Ethereum uses a custom-built Ethereum Virtual Machine (EVM). The contracts are written using the Solidity, Viper, Yul/Yul+, and Fe programming languages. 

Solana uses the Rust, C, and C++ programming languages which are more well known. Rust is a low-level programming language and requires more work than Ethereum. Developers can’t even copy and paste the codes and everything has to be done from scratch. 

Solana struggled with outages

Solana had two outages that occurred in December 2020 and September 2021. This was due to a DDoS attack (Distributed Denial of Service). This had caused Solana to halt for several hours. Ethereum on the other hand had never experienced an outage. This could be because Ethereum is more decentralized than Solana. 


Ethereum is said to be more decentralized than Solana. This is where most Solana critics come in as the goal of a blockchain is to be as decentralized as possible. 

One of the many reasons why Solana is not seen as decentralized is due to the token’s initial allocation. It was said that 50% of the allocation was to Solana Labs, Venture Capital investors, and developers. The amount of tokens allocated to the public is quite tiny while more than 70% of the tokens are staked. This allows an imbalance of control over the tokens which would skew the network validation control to insiders instead of the public. 

In comparison, only 15% of Ethereum’s tokens are allocated to insiders and 5% to foundations. This allows a significant amount of tokens for public ownership.

Yakavenko is the founder of Solana

Solana was founded by Anatoly Yakavenko. Anatoly came to the United States in 1990 as a young kid from Ukraine. He mentioned that he had always been interested in programming growing up. He was discouraged from continuing his interest in computer science after the Dot.com bubble burst but Anatoly decided to push through with his passion anyways. 

Anatoly graduated from the University of Illinois Urbana Champaign in 1999. He decided to work at Qualcomm as an engineer and left after 13 years of service in 2016. With that, he started a new side project in 2017 with a friend and that’s how he came up with the concept of “Proof-of-History”. 

This led to a few more co-founders being brought into the team and the development of the Solana blockchain in 2017. Initially, Solana was named Loom but because of a similar Ethereum-based project called Loom Network, the team decided on Solana which was just a random, off-the-bat name, but it stuck.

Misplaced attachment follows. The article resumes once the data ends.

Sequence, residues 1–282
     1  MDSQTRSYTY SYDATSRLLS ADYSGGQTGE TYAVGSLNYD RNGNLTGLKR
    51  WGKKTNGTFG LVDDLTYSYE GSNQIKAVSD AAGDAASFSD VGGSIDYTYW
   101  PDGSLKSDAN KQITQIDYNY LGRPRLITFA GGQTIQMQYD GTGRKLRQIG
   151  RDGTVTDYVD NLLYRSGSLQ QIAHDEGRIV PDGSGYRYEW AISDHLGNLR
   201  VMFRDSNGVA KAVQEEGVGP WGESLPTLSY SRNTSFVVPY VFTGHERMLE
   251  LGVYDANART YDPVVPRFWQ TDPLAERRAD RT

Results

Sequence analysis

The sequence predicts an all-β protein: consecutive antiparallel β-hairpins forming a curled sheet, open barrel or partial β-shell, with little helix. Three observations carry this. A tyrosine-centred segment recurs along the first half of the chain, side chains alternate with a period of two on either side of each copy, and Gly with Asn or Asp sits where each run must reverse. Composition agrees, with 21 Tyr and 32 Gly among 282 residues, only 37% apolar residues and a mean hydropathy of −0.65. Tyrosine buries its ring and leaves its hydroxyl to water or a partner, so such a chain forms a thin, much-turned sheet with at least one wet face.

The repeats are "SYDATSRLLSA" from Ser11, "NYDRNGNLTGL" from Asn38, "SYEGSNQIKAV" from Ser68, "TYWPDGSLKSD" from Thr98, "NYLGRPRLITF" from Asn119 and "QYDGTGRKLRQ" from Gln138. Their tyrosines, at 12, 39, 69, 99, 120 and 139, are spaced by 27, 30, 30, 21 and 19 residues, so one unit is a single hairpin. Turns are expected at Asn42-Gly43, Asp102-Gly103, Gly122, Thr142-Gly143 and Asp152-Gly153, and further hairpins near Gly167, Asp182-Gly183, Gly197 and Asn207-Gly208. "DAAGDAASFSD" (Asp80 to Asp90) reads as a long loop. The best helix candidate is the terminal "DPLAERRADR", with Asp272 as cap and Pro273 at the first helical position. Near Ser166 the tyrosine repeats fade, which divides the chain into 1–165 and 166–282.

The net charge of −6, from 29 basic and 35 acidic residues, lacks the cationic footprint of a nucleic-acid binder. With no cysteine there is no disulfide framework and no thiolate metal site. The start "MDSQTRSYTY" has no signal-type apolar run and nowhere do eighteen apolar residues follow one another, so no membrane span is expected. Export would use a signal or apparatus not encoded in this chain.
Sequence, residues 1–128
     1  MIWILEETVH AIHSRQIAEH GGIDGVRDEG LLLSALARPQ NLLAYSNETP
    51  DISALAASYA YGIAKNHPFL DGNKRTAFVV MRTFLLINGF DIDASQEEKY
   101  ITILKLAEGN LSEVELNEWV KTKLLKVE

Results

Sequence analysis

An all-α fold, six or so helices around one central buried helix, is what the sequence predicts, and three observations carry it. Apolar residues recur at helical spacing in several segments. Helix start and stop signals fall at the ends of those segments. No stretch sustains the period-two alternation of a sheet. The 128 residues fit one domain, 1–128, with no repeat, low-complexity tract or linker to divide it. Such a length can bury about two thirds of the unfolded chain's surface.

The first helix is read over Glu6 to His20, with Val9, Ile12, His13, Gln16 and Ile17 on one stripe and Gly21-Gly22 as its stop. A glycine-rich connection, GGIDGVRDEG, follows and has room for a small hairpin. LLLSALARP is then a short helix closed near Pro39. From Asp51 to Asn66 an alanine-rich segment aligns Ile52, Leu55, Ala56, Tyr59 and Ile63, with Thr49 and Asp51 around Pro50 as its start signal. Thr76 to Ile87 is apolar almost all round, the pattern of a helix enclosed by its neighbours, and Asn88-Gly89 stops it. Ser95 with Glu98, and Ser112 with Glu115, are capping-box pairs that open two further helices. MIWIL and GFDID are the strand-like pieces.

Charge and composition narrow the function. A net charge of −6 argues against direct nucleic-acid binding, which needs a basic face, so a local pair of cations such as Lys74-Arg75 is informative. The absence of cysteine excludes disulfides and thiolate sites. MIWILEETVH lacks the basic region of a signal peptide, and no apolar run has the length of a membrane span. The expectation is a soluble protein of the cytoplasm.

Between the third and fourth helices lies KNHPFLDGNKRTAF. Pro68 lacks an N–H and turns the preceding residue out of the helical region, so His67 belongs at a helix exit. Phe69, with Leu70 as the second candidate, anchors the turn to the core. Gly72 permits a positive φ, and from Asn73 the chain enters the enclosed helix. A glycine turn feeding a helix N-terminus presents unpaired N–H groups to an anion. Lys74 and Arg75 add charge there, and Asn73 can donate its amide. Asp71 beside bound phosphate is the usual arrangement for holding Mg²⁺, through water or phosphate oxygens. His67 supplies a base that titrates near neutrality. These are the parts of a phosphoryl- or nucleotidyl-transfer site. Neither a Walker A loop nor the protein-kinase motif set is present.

How can I buy Solana? 

Solana is available on most exchanges for purchase, such as CoinbaseFTX, and Binance. Find all exchanges to buy Solana on our exchange listings overview page.

Some exchanges may be more expensive than others, however, it’s best to keep in mind that the additional fees may account for better security and ease.

Once you have purchased Solana through an exchange, make sure it is transferred to a reputable crypto wallet whether that may be a hot wallet that is connected to the internet like Phantom wallet or Solfare wallet, or a cold wallet that is usually a thumb drive. 

Iconic moments since Solana’s inception in 2017

November 2017 – Anatoly published the first whitepaper about Proof-of-History.

February 2018 – Greg Fitzgerald who previously worked with Anatoly in Qualcomm began the prototype, the first open-source implementation of the whitepapers. 

March 2018 – The team created the Solana GitHub organization.

July 2018 – A 50-node, permissioned, public test net consistently supporting bursts of 250,000 transactions per second was published. 

What Affects Solana’s Price Movement? 

There are a lot of reasons for Solana’s drastic increase in traction. One of the many reasons the price is rising is due to Solana’s move into the NFT space. This skyrocketed its price because it allowed NFT minting to be cheaper than Ethereum

In addition, Solana has also released many projects that involve Defi which includes Serum, which is a decentralized and noncustodial exchange. Solana is also developing cool wormhole projects (not an actual wormhole). These projects help bridge two networks together like Solana and Tether

How Do I Stake Solana? 

Staking Solana may be a great way to earn some passive income on the side. You can stake your Solana tokens to validators that process transactions. The way it works is if more Solana tokens are staked in a validator, the higher the chances of the validator performing transactions and earning rewards. 

There is a risk, however, and this happens when your validator is slashed. This is when a portion of the stake a validator holds is destroyed because the validator had shown malicious behavior. This is something just to be wary of. 

Your Steps To Stake Solana

1. Move your SOL token into a wallet/exchange that supports staking. 

2. Create a stake account.

3. Select a validator.

4. Stake your coins and wait for the rewards to come in!